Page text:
Penny Pinching Making You Miserable? Me, Too.

budgetI loathe budgeting. Every once in a while, I'll get an itch to be super-organized and responsible, and I open up Excel and whip up the finest spreadsheet you'll ever see. I mean, there are color-labeled columns and beautiful fonts and sums and averages. There are even a few numbers in there. And then I close it and never look at it again.

Because, you see, my budget demands that I stop buying music. That's an extra, right? It's not something I neeeeeed, so it gets cut.

And then I'm miserable.


Music is everything to me. I love poring over every inch of packaging and liner notes and all the minutiae that come with purchasing a new CD or record. Music is one of the few things in my life for which there is no substitute -- I’ll give up frou-frou lattes for homemade iced coffee; I’ll go to the library for books; I’ll get creative with my wardrobe (even my shoes!) -- but I will not, cannot give up music. And when I try, because my new fancy spreadsheet tells me I have to in order to pay off the credit card ... five weeks down the road I go insane and place an order with every distro I’ve ever loved, and probably some new ones.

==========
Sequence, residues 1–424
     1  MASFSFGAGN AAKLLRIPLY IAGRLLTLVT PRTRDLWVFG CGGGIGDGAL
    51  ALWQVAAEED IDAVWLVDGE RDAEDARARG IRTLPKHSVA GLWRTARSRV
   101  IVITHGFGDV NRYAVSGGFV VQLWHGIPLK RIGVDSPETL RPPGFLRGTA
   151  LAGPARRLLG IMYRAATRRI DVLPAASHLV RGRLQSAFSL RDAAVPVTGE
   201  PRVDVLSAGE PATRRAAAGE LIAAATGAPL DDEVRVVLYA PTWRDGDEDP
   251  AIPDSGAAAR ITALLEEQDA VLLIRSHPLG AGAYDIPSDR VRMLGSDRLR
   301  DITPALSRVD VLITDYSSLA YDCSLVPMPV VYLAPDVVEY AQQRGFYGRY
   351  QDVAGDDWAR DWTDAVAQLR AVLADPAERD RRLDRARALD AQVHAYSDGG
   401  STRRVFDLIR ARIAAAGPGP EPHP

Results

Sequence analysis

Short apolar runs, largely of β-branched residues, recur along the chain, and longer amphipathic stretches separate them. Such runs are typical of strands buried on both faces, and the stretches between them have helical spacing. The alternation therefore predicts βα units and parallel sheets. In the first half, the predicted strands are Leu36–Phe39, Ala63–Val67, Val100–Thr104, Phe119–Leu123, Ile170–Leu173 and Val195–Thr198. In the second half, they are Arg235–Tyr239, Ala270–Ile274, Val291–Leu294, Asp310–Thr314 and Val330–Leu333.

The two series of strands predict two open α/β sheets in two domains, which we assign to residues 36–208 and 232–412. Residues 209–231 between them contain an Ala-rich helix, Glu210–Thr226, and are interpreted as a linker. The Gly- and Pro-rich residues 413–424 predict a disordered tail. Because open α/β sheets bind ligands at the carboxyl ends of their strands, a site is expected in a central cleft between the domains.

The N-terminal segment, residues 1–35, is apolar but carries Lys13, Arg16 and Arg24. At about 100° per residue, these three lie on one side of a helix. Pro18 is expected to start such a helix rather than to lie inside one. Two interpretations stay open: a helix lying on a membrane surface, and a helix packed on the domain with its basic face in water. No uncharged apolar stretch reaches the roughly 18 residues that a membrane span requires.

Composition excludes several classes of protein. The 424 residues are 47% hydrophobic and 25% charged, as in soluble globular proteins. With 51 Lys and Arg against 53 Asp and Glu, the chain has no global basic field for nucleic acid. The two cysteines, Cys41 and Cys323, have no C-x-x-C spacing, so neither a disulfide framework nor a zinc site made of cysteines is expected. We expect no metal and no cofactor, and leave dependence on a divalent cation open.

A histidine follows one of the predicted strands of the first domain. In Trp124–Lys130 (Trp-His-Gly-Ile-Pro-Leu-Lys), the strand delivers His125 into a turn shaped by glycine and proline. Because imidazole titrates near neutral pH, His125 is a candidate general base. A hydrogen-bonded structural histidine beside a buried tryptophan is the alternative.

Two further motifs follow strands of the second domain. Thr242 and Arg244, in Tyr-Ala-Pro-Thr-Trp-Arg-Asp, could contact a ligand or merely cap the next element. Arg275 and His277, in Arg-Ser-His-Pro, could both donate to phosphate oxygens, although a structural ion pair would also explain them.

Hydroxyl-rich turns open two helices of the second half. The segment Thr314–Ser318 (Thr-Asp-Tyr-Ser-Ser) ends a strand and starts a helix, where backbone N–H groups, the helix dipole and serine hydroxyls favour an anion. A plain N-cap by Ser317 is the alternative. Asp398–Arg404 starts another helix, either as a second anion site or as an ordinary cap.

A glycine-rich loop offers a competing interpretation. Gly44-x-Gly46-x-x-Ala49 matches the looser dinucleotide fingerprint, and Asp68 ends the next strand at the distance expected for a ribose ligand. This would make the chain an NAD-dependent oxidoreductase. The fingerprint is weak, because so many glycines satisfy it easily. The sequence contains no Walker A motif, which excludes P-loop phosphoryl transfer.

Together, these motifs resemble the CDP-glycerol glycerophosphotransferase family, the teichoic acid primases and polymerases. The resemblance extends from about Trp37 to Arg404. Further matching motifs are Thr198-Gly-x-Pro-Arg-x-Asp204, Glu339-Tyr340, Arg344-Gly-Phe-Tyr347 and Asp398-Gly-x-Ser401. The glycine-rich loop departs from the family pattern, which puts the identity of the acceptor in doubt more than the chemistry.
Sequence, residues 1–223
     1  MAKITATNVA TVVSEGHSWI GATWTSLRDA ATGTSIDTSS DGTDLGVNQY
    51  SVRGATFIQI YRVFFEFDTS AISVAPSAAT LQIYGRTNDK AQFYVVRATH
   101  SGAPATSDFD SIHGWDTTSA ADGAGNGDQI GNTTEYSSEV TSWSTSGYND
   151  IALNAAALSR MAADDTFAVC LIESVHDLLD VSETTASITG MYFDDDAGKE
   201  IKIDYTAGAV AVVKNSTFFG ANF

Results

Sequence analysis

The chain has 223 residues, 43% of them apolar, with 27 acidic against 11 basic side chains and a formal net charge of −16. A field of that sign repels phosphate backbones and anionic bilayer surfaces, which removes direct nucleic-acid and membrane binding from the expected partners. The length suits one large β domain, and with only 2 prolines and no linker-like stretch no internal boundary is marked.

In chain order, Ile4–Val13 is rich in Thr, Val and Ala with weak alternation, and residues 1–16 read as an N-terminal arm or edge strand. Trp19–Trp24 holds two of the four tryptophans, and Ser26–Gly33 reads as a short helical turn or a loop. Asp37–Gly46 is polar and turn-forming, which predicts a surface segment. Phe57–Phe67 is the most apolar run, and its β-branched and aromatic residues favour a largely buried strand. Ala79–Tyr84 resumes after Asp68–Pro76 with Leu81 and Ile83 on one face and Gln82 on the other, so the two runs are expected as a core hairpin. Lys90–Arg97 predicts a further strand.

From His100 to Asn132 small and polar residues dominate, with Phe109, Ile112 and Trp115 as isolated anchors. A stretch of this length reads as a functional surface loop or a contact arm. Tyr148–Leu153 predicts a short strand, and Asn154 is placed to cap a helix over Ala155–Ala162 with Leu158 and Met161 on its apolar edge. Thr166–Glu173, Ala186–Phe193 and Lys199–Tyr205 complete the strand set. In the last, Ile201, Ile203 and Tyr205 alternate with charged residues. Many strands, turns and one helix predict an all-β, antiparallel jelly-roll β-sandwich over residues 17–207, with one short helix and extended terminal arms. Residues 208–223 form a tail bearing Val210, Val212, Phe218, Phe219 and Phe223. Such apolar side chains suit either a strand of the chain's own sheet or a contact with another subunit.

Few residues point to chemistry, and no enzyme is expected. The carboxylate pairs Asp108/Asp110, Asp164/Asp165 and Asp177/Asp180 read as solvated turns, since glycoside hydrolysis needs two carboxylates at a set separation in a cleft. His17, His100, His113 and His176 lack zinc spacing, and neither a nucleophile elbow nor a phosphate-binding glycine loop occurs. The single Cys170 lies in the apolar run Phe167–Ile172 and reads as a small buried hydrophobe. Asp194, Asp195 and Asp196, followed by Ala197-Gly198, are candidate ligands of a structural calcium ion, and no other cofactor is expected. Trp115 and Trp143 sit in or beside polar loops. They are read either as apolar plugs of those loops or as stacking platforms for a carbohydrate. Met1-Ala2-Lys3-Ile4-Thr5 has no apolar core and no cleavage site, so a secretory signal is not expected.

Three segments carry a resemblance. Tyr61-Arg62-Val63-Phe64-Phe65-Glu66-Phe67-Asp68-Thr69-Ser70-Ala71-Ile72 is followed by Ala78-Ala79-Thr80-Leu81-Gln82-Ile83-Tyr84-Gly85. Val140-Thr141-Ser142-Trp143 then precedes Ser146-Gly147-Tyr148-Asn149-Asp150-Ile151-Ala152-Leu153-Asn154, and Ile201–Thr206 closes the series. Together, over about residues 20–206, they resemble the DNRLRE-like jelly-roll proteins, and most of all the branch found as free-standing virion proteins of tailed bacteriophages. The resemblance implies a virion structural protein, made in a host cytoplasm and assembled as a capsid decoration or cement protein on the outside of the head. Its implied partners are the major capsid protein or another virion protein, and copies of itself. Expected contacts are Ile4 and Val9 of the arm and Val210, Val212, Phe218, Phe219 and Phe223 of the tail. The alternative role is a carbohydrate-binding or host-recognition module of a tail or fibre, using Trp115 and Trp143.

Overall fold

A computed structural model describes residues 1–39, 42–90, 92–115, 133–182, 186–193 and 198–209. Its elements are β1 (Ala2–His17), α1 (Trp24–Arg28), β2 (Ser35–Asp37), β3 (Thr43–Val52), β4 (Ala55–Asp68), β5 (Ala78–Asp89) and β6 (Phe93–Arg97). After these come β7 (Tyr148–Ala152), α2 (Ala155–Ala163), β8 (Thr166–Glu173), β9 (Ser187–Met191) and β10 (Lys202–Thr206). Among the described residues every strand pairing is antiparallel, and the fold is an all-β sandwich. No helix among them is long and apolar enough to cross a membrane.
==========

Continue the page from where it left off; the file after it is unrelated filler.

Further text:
Just like that, my budget is shot to hell. And just like that, I’m convinced once again that saving money means deprivation.

But back up for a minute. Is it possible that a situation like needing music (or your equivalent) is actually the key to making a budget and sticking to it?

I think so.

Once I looked at all my expenses and thought about what was really important to me -- what really brought value to my life -- things clarified. Maybe I couldn’t buy as much music as I wanted, but I didn’t have to cut it out completely. What I did have to do was find another area where I could make cuts -- like my clothing budget. And it makes a world of difference. I don’t feel deprived of something I love, and I’m still maintaining a reasonable budget.

If you're struggling with your budgeting, try looking at the dollars and cents from another direction. What’s important to you? What do you really value? If the family vacation is worth more to you than a month of gourmet coffee and gorgeous shoes, then you know instantly where to make the switch. You can keep your budget AND the things you most love -- without feeling deprived and miserable.


Image via Jeff Keen/Flickr

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